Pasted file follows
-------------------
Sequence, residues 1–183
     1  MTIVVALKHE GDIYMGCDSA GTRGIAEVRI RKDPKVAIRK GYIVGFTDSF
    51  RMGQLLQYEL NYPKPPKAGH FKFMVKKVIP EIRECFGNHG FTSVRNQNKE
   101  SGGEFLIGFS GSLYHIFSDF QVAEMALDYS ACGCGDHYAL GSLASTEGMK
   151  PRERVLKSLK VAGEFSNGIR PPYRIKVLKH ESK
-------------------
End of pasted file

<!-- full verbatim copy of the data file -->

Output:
Sequence, residues 1–183
     1  MTIVVALKHE GDIYMGCDSA GTRGIAEVRI RKDPKVAIRK GYIVGFTDSF
    51  RMGQLLQYEL NYPKPPKAGH FKFMVKKVIP EIRECFGNHG FTSVRNQNKE
   101  SGGEFLIGFS GSLYHIFSDF QVAEMALDYS ACGCGDHYAL GSLASTEGMK
   151  PRERVLKSLK VAGEFSNGIR PPYRIKVLKH ESK